Since the passage of DSHEA in 1994, the industry has waited patiently for the advent of official good manufacturing practices (GMPs) for dietary supplements. The arrival of the GMPs, like the much-anticipated emergence of the groundhog, could herald either a long “winter” clouded with new regulatory burdens, or an early “summer” that levels the corporate playing field.
As humans, we’re all somewhat metallic. Or we should be, as a variety of metals and other minerals present in optimal amounts not only contribute to overall systemic good health, but may also ward off deterioration of specific organs and systems, causing them to slowly fail and become susceptible to disease. Approximately 5% percent of the human body’s content is minerals.
While it’s easy to get caught up in the latest research on supplement ingredients or new regulatory requirements, often it’s just as easy to overlook recent advances in packaging technology and design. The right package, however, can add value to products by attracting consumers, conveying important nutritional information, and protecting sensitive ingredients.
Let’s focus on milk and soy. To say which of these two protein sources is more significant would be to detract from their uniqueness. Milk, after all, is animal based, and soy is vegetable. Milk protein accelerates physical recovery from numerous ailments, and soy protein mitigates heart disease.
Fortunately, new technology is helping manufacturers make tablets, capsules, and liquids that offer nutritional benefits without sacrificing taste and quality.
A new federal law that regulates the sales of cold and allergy products could help bring immunity supplements in from the cold. On April 8, 2006, the Combat Meth Act went into effect. The act, which places nonprescription drugs that contain ephedrine, pseudoephedrine, and phenylpropanolamine behind the counter, also sets limits on how much consumers can purchase during any 30-day period. A flurry of state laws under consideration could impose further restrictions. The changes might help boost demand for dietary supplements that activate the immune system.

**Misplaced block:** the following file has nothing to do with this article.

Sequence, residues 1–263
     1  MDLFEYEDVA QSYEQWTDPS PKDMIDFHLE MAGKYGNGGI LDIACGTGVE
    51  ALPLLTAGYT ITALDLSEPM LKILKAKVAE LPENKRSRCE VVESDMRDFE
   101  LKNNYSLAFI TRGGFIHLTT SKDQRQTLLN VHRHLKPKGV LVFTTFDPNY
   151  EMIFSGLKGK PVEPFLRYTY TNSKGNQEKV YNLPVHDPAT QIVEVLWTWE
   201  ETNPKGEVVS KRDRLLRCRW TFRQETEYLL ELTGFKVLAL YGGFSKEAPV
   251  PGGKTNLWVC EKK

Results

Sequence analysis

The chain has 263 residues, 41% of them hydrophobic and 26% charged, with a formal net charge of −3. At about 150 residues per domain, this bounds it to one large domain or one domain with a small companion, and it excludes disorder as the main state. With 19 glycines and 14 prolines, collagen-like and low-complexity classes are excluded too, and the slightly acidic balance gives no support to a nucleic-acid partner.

As more Americans are turning to complementary and alternative medicine (CAM) to address their health concerns, many practitioners have been struggling to remain knowledgeable about the latest research concerning natural products. More than a third of all American adults used some form of CAM from 1997 to 2004, according to a report by researchers from Harvard Medical School (Boston). And while the number of people using CAM has remained relatively steady since the 1990s, the types of CAM therapies they are using have been changing. Herbal medicine—the category that made the largest gains—grew by more than 50% from 1997 to 2004.
Riding high on a 19% increase in dollar-volume sales over last year, antioxidants are poised to enter the mainstream. AC Nielsen (Schaumburg, IL) predicts that antioxidants will be one of the fastest-growing consumer health segments in 2006, with so-called “health activists” spending more on the category than any other market segment. In 2005, products that contained antioxidants saw a 31% gain in dollar sales among health activists and a 52% increase among “health neglectors” who aren’t overly concerned about nutrition.
Cosmeceutical users are diverse. But despite their differences, they are united in one goal: to slow the signs of aging. “Everyone is looking for a good formula that works in real life,” says Ohad Cohen, CEO of herbal extract supplier Vitiva (Markovci, Slovenia). “If the formula is all natural, that’s the best scenario.”
As the body of peer-reviewed research on cognitive-function ingredients continues to grow, omega-3 is just the tip of the iceberg for natural alternatives to prescription drugs, say industry experts.